Pop-up beer gardens have been flourishing in Boston. But now the restaurant lobby is working with politicians to put the squeeze on them…
Here’s the deal…
That led to the brewery taking its pop-up beer garden concept six miles south to the village of Roslindale and opening a winter beer garden later that year in an iconic substation structure.
Then the whole pop-up beer garden concept caught fire throughout Boston with lots of craft breweries getting involved.
Last summer Nantucket-based Cisco Brewers launched its new pop-up beer garden in Boston’s colorful Seaport district. Castle Island Brewing opened a seasonal outdoor location in Charlestown and Everett’s Night Shift Brewing also opened two Owl’s Nest beer gardens on the Charles River.
But now local beer biz is buzzing about a bill filed on behalf of the restaurant industry to crack down on beer gardens and put an end to the one-day licensing process that have allowed these pop-up beer gardens to get around the burdens that other brick-and-mortar establishments have to deal with.
Current law allows brewers to operate the temporary beer gardens using a one-day license specifying a particular day,
Noting that brewers have found a way to extend their stay, the Boston Globe is reporting that a new bill has been proposed to put an end to end to a practice that allowed these temporary beer gardens to operate for months…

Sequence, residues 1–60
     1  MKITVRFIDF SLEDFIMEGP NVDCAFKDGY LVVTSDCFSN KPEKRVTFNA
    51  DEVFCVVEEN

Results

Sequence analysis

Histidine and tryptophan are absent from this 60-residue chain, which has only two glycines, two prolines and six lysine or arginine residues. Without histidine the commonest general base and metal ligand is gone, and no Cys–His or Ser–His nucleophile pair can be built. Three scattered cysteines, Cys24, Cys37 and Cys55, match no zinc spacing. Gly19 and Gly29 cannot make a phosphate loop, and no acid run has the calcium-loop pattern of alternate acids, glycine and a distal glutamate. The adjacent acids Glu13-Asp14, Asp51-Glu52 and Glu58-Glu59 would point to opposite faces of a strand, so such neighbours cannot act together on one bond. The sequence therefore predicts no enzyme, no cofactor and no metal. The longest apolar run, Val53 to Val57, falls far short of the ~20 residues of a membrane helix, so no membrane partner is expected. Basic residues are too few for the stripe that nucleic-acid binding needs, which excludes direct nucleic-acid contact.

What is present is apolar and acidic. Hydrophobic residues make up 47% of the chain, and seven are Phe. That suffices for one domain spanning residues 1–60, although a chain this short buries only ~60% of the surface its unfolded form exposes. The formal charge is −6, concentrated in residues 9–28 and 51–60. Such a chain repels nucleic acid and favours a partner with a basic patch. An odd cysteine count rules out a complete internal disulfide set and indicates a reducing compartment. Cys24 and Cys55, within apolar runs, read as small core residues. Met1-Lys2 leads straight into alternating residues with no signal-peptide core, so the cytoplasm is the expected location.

“Existing state law prevents applicants from obtaining more than 30 of these one-day licenses; brewers can get around this by having more than one applicant pick up licenses on their behalf.”
“State Senators Ed Kennedy of Lowell and Nick Collins of South Boston have cosponsored a bill that would bar any individual or company from getting more than 14 one-day licenses in a given year.”
According to the Globe “figures provided by City Hall show that the number of one-day licenses issued in Boston specifically for beer gardens doubled in 2018, rising to 82 last year from 39 in the previous year.”
And if this bill passes it will definitely make these seasonal beer gardens a more difficult and expensive endeavor, potentially putting an end to what some are now calling “America’s Beer Garden Capital.”